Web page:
Responsible Development of Nanoscience and Nanotechnology: Contextualizing Socio-Technical Integration into the Nanofabrication Laboratories in the USA [Book Review]

NanoEthics 5 (2):143-157 (2011)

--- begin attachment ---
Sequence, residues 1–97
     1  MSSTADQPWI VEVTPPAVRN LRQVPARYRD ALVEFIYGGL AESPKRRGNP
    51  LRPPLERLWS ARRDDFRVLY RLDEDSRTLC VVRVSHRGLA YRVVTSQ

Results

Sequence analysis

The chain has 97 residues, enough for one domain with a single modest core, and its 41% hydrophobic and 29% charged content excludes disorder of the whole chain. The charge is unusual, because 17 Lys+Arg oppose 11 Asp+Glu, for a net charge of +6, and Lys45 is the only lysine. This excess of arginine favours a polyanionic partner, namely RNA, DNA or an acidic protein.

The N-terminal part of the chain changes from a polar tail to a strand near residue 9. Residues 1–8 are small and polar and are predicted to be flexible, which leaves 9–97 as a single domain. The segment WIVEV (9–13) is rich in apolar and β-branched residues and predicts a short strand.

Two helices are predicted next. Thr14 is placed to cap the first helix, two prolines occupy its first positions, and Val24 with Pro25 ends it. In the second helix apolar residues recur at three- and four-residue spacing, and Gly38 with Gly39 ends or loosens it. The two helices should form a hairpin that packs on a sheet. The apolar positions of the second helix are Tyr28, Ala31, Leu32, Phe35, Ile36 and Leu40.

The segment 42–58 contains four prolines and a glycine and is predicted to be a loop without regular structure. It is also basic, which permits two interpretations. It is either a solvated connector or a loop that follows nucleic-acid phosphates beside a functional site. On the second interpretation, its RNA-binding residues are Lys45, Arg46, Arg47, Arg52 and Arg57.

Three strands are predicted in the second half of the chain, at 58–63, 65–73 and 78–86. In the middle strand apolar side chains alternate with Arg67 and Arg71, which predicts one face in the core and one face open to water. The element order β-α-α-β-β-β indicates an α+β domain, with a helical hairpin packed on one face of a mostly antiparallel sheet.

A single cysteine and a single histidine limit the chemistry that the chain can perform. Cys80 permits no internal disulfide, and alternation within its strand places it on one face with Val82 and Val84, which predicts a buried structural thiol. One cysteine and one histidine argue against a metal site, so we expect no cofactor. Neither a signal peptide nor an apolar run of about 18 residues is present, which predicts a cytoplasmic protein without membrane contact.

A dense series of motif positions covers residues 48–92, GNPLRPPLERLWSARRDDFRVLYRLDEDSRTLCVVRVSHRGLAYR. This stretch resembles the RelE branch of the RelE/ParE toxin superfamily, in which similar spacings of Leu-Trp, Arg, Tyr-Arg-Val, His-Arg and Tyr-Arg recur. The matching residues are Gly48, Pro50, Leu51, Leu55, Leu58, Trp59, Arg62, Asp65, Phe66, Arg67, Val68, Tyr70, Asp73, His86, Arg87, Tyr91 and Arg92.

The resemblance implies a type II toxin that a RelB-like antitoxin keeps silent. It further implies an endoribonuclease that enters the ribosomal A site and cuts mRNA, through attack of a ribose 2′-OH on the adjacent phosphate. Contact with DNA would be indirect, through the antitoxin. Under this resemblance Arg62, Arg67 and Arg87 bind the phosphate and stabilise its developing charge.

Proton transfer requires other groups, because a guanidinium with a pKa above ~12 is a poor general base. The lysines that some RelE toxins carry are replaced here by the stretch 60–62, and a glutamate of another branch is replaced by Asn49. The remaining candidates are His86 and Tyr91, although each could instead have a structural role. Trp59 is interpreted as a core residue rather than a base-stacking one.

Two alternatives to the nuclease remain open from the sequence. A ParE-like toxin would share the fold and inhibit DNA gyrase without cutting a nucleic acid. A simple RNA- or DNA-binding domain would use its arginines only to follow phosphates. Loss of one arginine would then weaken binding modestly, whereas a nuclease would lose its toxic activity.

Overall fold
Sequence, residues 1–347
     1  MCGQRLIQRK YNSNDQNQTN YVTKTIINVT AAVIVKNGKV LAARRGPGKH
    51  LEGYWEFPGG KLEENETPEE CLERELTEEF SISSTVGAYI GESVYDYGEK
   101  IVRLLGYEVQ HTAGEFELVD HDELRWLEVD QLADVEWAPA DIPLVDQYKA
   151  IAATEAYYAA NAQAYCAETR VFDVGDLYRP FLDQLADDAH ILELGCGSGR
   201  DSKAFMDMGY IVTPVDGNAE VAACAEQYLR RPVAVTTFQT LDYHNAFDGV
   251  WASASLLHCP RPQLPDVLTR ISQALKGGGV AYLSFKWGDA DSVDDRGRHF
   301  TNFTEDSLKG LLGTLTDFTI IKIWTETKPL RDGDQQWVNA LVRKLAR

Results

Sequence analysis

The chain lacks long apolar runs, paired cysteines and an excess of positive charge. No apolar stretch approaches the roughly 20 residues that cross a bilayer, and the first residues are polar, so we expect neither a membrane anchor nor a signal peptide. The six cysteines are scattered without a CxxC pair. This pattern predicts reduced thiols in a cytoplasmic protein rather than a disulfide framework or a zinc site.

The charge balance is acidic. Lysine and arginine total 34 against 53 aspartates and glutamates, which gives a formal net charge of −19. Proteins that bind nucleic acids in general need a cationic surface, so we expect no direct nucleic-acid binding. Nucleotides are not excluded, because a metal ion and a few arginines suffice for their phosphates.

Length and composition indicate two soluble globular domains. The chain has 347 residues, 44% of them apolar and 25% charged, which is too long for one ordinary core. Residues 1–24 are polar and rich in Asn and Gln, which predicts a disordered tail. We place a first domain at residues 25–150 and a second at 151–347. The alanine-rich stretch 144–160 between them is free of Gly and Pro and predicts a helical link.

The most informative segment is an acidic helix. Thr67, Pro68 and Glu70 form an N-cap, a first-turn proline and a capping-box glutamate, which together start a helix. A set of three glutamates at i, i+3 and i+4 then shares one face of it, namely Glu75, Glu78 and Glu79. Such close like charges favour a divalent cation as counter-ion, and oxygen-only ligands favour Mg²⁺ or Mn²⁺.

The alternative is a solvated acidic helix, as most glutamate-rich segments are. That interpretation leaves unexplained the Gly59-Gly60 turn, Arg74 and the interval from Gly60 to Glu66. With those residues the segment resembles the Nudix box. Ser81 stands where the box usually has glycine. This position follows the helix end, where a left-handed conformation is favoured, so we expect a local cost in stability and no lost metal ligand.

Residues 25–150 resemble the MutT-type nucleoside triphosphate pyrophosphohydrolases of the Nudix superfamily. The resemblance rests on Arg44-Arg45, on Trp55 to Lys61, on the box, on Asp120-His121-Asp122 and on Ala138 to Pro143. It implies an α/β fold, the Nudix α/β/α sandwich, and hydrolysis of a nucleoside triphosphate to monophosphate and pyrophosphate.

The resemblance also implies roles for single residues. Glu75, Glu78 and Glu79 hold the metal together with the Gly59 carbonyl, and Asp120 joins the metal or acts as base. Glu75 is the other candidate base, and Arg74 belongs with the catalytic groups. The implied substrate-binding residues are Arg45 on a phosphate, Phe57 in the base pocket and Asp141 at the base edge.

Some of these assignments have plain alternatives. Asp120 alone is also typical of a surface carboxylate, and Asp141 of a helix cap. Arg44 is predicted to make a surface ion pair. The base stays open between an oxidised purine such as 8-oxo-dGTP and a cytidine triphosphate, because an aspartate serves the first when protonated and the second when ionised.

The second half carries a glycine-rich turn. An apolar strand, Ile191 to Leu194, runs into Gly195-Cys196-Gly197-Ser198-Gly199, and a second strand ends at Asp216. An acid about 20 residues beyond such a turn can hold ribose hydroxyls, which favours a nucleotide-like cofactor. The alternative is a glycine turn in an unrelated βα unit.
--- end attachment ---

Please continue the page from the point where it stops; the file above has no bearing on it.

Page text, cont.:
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There have been several conscious efforts made by different stakeholders in the area of nanoscience and nanotechnology to increase the awareness of social and ethical issues (SEI) among its practitioners. But so far, little has been done at the laboratory level to integrate a SEI component into the laboratory orientation schedule of practitioners. Since the laboratory serves as the locus of activities of the scientific community, it is important to introduce SEI there to stimulate thinking and discussion of SEI among practitioners, which would eventually contribute toward the responsible development of this technology. In this article, through an example (at the Cornell NanoScale Science and Technology Facility (CNF), practitioners of which represent a section of the nano researchers’ community in the USA), it is shown how a SEI component can be incorporated into the laboratory orientation schedule of the practitioners from diverse disciplinary and institutional backgrounds. Results show that, at CNF, the practitioners enjoyed the discussion since most of them learned about SEI for the first time in their professional career. At the same time, some of them were also knowledgeable about SEI and contributed to the debates. Moreover, the SEI orientation had significant positive impact on the scientific community enabling them to self-reflect upon their own research and its implications for the wider society. This article also describes the efforts that were undertaken to disseminate this form of SEI orientation to other 13 USA universities within the National Nanotechnology Infrastructure Network (NNIN, one of the biggest networks funded from National Science Foundation for Nanotechnology research, of which CNF is a part). As a result of this effort, most of the NNIN sites have already started or were in the process of integrating a SEI component into their nanofabrication laboratories to make their users aware of SEI, ensuring eventual robust socio-technical integration in the NNIN laboratories. In the future, this form of SEI orientation can also be disseminated to other nanofabrication laboratories in the USA



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